Use this URL to cite or link to this record in EThOS:
Title: Effects of high pressure and heat processing on the structure and rheological properties of food proteins
Author: Ngarize, Sekai
ISNI:       0000 0001 3445 181X
Awarding Body: University of Surrey
Current Institution: University of Surrey
Date of Award: 2003
Availability of Full Text:
Access from EThOS:
Access from Institution:
This study evaluated the effect of heat and high pressure processing of whey protein isolate, beta-lactoglobulin, egg albumen, ovalbumin and their binary mixtures. Rheological studies of whey proteins (15% w/w) in distilled water indicated that gels made by heating at 90°C for 30 min were stronger and more elastic compared with pressure-treated gels (400-600 MPa for 20 min). Gel strengths at higher pressure (650-800 MPa) were similar to heated samples, hi contrast, egg albumen proteins (15% w/w) in distilled water showed no gelation below 500 MPa but increased in strength with increasing pressure, although values remained below those of heat- induced gels. Heat and pressure treatment of whey/egg albumen protein mixtures (10:5) produced gels stronger than expected indicating synergistic interactions. Sucrose influenced gelation and interactions, with 20% sucrose being the optimal for egg albumen and whey proteins. Sucrose addition produced weaker pressure-treated gels compared with heated gels. Addition of 1% NaCl produced stronger whey protein gels compared with egg albumen but weaker mixed whey/egg albumen gels. Combined heat (50°C or 60°C) and pressure (600 MPa) produced weaker gels compared with heat treatment alone, but stronger gels than pressure treatment alone for both whey and egg albumen proteins and mixtures. Values increased with increasing temperature due to greater protein unfolding, as shown by Differential Scanning Calorimetry. FT Raman spectroscopy indicated that both heat and high pressure affected alpha-helix, beta-sheet structure, hydrophobic interactions and disulphide bonds. Heat caused greater changes in disulphide bonds and beta-sheet structures but pressure produced greater changes in hydrophobic interactions. Self deconvolution of the Amide I band showed quantitative changes in secondary structures. Random coil increased in high pressure treated (600 MPa, 30 min) beta-lactoglobulin, whereas, for ovalbumin, beta-turns doubled. The different mechanisms of gelation observed for heating and high pressure treated egg albumen, whey proteins and their mixtures can provide novel textures.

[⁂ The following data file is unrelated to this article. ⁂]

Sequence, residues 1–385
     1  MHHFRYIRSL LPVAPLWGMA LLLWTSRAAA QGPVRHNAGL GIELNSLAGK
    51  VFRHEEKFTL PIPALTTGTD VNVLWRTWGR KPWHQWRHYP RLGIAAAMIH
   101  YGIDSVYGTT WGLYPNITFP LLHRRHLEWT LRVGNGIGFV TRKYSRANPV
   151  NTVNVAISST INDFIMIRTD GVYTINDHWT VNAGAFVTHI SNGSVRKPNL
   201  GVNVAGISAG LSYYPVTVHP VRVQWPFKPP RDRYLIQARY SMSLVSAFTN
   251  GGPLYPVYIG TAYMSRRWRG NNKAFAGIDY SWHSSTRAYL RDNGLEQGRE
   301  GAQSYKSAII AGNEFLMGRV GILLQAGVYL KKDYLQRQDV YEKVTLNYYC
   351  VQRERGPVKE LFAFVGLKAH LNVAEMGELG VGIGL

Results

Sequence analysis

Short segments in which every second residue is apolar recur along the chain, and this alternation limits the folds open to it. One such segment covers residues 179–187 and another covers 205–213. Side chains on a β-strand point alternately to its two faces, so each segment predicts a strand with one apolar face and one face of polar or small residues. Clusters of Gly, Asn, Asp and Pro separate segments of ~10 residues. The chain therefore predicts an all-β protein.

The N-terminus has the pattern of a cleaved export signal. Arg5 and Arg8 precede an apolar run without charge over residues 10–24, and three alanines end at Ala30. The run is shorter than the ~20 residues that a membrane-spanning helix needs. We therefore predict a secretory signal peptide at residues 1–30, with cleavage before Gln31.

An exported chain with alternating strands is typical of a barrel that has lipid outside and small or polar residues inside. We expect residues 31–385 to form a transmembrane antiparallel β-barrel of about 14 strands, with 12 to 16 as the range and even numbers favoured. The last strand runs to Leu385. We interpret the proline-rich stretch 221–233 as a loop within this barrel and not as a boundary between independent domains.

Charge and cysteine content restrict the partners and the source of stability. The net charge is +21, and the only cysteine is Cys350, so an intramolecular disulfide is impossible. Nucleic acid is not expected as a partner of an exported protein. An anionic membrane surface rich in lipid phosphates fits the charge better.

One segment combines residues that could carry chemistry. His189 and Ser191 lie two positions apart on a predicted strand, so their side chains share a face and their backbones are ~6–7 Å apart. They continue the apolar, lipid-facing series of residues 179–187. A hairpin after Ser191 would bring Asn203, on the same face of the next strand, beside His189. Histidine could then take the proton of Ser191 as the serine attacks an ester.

Supervisor: Not available Sponsor: Not available
Qualification Name: Thesis (Ph.D.) Qualification Level: Doctoral
EThOS ID:  DOI: Not available